Ricardo Signes: Welcome back to the Digital Citizen podcast. I’m Ricardo Signes, the CTO of Fastmail, the email provider of choice for savvy digital citizens everywhere. Here with me is my colleague, Fastmail COO, Helen Horstmann-Allen.
Helen Horstmann-Allen: Hi, I’m Helen. Today Rik will be continuing his conversation with Arielle Yoder and Zack Fine from Recess. Rik, can you give our listeners a quick refresh about what Recess is?
Ricardo Signes: Well, Recess help you run a recess period at work, and it’s exactly what it sounds like. You integrate play into your workday through a series of games that are designed to make your team feel more connected.
Helen Horstmann-Allen: So what will the three of you be talking about this week?
Ricardo Signes: We’re going to talk about the importance of team building for both in person and remote teams. Then we’ll be diving into Zoom fatigue and why the transition to working from home early in the pandemic was so difficult. And finally, we’ll discuss how companies can foster positive working environments for their staff by investing in their wellbeing.
Helen Horstmann-Allen: Oh, terrific. Rik, you and I have worked together for a long time and we have always worked in person, but we got an early taste of the pandemic when we joined Fastmail and suddenly had all these colleagues who lived very long way away. I think it’s awesome that we have gotten to travel so much and that was one of the things that made the last two years so hard. But before we traveled and even after we traveled for a bit, it can be really hard to forge a connection with people who you only know over Zoom. I don’t know if you remember, but in the early days I used to make a seating chart when we would have all company meetings because there’d be like 15 people on their end and just the two of us on our end. And so they’d be little tiny heads and I couldn’t remember who was who because I could barely see their faces.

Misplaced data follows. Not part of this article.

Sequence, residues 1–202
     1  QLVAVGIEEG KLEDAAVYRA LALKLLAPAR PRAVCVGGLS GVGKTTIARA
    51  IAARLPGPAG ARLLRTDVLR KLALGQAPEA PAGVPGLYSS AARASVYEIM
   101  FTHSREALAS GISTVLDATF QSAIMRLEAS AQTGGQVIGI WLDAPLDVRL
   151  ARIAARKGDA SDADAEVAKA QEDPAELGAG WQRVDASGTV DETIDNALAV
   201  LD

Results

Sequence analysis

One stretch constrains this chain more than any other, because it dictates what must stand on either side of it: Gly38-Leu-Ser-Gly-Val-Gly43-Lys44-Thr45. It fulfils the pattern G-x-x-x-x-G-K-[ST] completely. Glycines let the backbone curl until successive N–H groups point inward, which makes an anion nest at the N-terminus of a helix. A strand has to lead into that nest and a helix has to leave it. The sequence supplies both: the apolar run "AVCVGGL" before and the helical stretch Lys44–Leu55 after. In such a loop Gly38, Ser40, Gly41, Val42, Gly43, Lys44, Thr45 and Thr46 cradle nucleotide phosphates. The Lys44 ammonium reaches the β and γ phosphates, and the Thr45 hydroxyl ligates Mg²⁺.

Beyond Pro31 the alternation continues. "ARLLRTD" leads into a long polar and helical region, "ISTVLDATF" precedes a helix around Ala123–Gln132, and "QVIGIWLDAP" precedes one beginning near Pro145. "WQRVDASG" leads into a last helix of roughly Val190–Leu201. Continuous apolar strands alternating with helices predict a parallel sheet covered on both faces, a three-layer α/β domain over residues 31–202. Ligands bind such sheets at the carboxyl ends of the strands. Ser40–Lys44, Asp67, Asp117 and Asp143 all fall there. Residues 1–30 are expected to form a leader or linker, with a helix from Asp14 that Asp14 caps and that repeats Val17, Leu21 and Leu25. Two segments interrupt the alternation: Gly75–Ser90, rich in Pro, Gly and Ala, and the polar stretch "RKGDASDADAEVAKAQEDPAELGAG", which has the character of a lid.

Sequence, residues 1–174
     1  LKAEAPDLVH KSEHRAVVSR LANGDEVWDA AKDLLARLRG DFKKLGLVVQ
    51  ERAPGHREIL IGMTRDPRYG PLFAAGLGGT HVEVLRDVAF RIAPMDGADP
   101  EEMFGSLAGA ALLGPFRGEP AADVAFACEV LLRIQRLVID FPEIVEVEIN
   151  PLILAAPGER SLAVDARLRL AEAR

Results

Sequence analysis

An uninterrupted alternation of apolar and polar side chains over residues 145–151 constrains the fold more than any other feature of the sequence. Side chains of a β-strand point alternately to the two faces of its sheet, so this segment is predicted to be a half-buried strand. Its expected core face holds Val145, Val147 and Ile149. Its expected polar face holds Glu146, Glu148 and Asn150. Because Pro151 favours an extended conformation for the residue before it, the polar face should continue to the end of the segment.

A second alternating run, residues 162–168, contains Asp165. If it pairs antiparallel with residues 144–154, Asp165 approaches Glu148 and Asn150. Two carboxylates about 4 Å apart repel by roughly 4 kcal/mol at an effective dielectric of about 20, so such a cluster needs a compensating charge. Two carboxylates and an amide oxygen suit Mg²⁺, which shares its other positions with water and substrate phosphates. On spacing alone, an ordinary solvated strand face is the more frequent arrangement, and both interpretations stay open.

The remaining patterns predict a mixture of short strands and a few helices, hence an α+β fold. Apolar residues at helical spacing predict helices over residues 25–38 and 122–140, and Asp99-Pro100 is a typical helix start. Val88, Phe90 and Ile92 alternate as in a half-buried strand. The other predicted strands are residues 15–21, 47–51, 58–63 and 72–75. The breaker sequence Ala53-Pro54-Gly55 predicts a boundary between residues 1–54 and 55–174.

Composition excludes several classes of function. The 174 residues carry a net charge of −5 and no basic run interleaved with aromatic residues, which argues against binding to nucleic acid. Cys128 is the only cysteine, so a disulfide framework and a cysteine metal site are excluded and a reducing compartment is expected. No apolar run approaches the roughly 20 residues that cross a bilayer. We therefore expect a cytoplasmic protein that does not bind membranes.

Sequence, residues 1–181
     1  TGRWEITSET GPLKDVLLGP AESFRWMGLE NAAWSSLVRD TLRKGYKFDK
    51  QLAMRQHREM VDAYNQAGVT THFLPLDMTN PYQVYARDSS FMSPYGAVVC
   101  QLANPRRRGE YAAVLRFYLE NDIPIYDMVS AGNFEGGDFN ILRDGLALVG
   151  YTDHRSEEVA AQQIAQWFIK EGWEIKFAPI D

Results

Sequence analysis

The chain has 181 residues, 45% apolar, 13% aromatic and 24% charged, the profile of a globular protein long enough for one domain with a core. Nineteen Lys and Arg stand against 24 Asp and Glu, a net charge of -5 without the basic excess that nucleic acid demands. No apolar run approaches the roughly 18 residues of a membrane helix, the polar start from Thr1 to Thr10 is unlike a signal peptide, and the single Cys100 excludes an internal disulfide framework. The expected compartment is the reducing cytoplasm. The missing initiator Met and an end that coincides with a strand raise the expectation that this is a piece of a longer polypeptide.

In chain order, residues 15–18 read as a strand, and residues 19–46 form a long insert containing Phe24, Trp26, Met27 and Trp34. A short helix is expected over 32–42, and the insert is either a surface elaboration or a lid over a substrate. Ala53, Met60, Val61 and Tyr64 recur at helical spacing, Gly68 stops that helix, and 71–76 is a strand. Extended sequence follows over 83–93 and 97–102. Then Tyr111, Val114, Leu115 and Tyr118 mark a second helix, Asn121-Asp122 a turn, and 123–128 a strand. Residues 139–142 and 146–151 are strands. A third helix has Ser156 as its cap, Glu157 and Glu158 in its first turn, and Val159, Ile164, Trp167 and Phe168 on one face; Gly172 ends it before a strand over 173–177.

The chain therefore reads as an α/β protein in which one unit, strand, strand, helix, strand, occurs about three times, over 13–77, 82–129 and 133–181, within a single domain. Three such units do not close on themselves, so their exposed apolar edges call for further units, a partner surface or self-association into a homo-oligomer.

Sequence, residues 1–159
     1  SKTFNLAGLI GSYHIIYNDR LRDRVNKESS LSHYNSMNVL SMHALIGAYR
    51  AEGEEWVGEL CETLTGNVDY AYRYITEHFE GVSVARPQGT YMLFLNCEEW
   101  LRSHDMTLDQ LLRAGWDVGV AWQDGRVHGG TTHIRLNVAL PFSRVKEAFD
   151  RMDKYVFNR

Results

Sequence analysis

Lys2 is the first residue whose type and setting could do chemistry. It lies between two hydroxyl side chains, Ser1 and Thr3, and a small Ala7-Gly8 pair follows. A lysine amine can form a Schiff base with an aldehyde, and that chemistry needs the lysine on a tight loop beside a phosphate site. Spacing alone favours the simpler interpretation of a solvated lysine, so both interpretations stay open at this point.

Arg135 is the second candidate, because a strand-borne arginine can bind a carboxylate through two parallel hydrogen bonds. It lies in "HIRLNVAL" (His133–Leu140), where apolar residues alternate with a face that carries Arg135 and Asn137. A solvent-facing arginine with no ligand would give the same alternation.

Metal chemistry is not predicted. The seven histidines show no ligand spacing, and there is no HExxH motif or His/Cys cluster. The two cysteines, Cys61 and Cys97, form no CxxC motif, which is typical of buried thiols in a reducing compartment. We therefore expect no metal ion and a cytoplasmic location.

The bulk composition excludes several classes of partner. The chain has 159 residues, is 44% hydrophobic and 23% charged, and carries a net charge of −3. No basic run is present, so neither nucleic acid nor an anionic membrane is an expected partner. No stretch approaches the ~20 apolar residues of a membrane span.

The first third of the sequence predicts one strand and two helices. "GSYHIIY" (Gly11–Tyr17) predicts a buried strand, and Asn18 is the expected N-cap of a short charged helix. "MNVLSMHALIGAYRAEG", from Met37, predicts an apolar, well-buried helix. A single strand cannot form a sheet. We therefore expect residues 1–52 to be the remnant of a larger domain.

Ricardo Signes: For sure.
Helen Horstmann-Allen: But we have done a lot of work since then and you and I have kicked off a lot of, I would say, play inside of Fastmail. Maybe you could share with our listeners a little bit about March Madness.
Ricardo Signes: Yeah, March Madness is hard to explain to anybody who knows what March Madness really is and it’s also hard to explain to people who don’t. So for our listeners, whichever group you’re in, I apologize. March Madness is a game that we have at Fastmail, where every year we curate a set of songs that are put together in a bracket and you start off with a bunch of song versus song contests and pick which song wins until you find out which song is the ultimate song of these. And to make us more compelling, we tend to have a theme. We started with original songs and their covers or multiple covers of the same song. This year we’re dealing with songs that best exemplify seasons of the year.
Ricardo Signes: It is a competition that doesn’t really make any sense, but it leads to everybody talking about the music they like and the music they don’t like. And at the end, somebody gets to receive a paper crown that says that they have won March Madness. And it is goofy and I enjoy it and it makes me listen to a bunch of new songs. So it’s pretty great. Pretty great part of the year.
Helen Horstmann-Allen: Rik, you’re really underselling this. First of all, it’s not just a paper crown. They get a gold record and that is cool. They get their name on a gold record, still cool.
Ricardo Signes: It is.
Helen Horstmann-Allen: Second, what about the value of everybody on the team getting to roll their eyes at how goofy you and I are?
Ricardo Signes: I’m sure that people are rolling their eyes at your goofiness and I enjoy that and try to stand in solidarity with you at this affront. It is good for the team to be able to see that we show up at the office and we do work and we produce a product and we take care of our users. But it can’t just be a miserable place to come and slog, right? You got to have some fun while you’re doing it so you actually care about the people you’re working with.
Helen Horstmann-Allen: Yeah. And I think for me, it’s actually really important to say that oftentimes if you are a people leader, if you’re in charge of things, you really do have to be the one leading the way on goofiness, right? You have to be the one sparking it and really leaning into it and being the first one to jump in, I think.
Ricardo Signes: Yeah, I think that’s right. And we’ll talk in this episode about why you want to do that, what’s good about having this sense of play and of fun in the workplace and how to go about doing that. If you stick around to the end of the conversation, we’ll also talk about some takeaways that are just things you can actually do based on the advice in this episode. You can also find those on our website at digitalcitizenshow.com.